How to pickle vegetables the Chinese way

Pickler Evan Randall on how to pickle vegetables the Chinese way
How to pickle vegetables the Chinese way
 
published on 9 Jul 2013

Evan Randall has travelled extensively through China researching minority fermentation techniques. As a bit of a pickle fanatic, Randall relishes making his own at home -- he shares one of his simplest recipes.



The English word 'pickle' refers to foods preserved in vinegar or brine, as this type of pickling -- lacto-fermentation -- has always been most common in Britain and the US. But the English language doesn't have a word for all the other forms of pickling, mostly found in Asia, such as pickling through a process of fermentation, salting and moulding. Sandor Katz -- an expert in the field and author of The Arts of Fermentation -- suggests a hybrid of the German word sauerkraut and the Korean kimchi (both fermented vegetables) to form 'kraut-chi'.

Unlike the English word, the Chinese term yanzhipin is broader, including not only vinegar and salt brined foods but also low-salt lacto-ferments, mould-ferments, high-salt pickles, soy sauce brines, and bean paste marinades -- among other, lesser known techniques.

For expatriates, these foods all often some of the most overlooked yet essential ingredients in Chinese cooking. China's most common 'kraut-chi', or yanzhipin, are made from varieties of mustard greens, cabbage, and pole beans, but products vary from region to region.

To ferment one of these leafy greens yourself, you must acquire a small 'crock' or ceramic jar. Glass jars can be used, but excess gases from the fermentation require you to 'burp' glass jars on a daily basis. Smaller crocks are available via the Chinese online marketplace, Taobao, from 20RMB.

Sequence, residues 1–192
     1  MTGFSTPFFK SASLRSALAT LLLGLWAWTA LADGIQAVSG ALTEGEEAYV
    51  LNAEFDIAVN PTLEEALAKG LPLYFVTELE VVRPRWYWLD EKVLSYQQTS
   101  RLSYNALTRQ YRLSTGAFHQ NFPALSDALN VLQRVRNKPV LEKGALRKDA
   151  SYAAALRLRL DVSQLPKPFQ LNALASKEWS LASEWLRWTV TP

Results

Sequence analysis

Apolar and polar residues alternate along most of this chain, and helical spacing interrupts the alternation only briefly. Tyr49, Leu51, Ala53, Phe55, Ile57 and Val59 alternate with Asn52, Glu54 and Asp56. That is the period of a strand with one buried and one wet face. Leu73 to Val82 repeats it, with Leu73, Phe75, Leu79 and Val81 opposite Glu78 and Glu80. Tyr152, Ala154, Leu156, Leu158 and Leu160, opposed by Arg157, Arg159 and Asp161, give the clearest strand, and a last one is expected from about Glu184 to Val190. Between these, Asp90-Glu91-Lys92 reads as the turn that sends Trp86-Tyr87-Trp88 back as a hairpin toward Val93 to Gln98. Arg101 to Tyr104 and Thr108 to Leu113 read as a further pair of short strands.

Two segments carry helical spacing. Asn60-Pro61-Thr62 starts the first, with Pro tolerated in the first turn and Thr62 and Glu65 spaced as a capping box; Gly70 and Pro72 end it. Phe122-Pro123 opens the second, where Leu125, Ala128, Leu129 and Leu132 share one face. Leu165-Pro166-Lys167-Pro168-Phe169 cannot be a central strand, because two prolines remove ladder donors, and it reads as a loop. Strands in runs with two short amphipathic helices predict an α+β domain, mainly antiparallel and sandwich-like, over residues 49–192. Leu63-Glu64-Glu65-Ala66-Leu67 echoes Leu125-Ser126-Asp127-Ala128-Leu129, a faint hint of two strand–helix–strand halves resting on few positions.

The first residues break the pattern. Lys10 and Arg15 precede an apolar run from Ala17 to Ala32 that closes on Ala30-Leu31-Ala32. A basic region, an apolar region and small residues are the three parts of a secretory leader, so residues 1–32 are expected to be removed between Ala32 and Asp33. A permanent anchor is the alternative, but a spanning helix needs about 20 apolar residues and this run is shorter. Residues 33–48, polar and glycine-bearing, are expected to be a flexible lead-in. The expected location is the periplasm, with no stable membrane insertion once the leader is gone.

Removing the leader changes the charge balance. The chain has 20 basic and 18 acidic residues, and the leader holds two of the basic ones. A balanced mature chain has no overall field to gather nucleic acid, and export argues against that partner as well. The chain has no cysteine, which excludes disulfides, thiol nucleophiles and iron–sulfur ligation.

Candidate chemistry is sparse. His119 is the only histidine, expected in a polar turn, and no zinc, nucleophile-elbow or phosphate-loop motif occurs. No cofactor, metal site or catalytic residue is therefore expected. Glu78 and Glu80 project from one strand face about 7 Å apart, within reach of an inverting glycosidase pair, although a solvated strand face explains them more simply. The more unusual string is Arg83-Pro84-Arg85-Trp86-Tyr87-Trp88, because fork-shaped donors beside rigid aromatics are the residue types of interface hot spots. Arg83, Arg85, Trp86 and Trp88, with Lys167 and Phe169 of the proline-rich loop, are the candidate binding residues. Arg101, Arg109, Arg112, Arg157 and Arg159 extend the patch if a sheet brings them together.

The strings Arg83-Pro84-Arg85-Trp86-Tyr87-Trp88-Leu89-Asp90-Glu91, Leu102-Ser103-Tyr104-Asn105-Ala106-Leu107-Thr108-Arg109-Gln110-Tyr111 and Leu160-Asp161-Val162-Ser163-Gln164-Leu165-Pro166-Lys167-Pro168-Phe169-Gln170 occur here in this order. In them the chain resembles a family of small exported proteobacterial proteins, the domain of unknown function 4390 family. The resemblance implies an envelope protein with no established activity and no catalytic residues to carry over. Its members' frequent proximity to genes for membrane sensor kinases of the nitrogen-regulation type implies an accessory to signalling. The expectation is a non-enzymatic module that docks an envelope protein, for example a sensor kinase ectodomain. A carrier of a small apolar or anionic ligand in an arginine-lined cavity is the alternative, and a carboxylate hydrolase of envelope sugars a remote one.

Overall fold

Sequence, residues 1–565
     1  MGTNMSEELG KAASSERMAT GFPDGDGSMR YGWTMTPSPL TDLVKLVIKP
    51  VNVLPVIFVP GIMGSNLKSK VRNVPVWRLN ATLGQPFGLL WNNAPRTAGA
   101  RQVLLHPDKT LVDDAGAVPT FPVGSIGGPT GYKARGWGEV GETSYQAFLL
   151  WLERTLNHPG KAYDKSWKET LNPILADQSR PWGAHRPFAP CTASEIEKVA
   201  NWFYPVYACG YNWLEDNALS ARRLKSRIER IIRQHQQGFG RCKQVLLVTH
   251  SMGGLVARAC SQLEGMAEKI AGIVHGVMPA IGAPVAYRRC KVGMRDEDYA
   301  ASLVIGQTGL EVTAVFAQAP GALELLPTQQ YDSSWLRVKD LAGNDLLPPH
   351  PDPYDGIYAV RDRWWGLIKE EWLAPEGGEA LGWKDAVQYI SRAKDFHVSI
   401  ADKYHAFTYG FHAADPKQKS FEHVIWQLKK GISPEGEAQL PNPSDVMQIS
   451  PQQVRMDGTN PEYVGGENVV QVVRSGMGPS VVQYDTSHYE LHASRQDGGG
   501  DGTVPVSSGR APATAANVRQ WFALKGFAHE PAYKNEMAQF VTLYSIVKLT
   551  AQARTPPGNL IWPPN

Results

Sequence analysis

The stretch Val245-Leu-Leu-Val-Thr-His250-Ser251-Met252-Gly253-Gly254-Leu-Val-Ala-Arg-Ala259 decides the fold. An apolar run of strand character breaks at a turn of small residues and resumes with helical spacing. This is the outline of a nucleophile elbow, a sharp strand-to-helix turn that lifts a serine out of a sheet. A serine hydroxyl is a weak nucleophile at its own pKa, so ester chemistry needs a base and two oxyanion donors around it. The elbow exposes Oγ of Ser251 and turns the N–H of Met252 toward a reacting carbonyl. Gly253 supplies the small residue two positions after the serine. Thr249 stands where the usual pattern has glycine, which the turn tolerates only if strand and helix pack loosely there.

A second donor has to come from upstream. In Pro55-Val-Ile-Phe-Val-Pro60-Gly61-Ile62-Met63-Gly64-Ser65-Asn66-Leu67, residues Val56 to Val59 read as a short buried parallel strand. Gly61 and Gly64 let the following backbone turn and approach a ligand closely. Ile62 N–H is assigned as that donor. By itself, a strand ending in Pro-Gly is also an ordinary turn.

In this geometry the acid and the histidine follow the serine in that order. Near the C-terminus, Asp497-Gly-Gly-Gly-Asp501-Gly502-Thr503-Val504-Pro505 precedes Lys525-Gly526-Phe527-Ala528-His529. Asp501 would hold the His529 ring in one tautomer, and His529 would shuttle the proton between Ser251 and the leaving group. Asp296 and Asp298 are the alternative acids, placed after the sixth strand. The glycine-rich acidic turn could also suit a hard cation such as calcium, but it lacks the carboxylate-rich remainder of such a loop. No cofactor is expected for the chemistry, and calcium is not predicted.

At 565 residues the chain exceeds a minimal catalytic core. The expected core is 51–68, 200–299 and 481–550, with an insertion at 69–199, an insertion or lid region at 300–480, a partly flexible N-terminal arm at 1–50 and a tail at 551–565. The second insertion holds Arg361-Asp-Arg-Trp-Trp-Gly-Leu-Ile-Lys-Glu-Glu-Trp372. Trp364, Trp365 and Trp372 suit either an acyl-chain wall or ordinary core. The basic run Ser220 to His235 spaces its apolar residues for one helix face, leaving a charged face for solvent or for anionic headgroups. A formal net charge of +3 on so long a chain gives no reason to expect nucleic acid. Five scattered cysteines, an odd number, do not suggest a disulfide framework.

Making simple fermented pickles is even easier than getting the crock. Chop off the roots, stems and leaves of some Chinese cabbage (or choi sum) and bring a litre or two of water to boil. After the water has simmered for a while, add the vegetable to the pot, just the stem for the first 30 seconds, then the whole thing for anther 30 seconds to a minute. Finally, put it in your crock and leave it overnight. The morning after, chop the now-fermented greens into bite-size pieces, stir-fry with a pinch of salt, and enjoy!

Evan Randall writes about Chinese pickling and fermentation at reputablesources.wordpress.com.
Evan Randall

Comment

Posted by : Nathan on 16/04/2014 10:03:30
Interesting article, but lacking in so much detail, unless you are already familiar with the process, there are far more questions than answers here. Could you (or he) take the time to break this down for those who have never made Chinese (or any other) pickle? How much water? Just overnight? Its interesting since some ferments take 30 days. How does this work?

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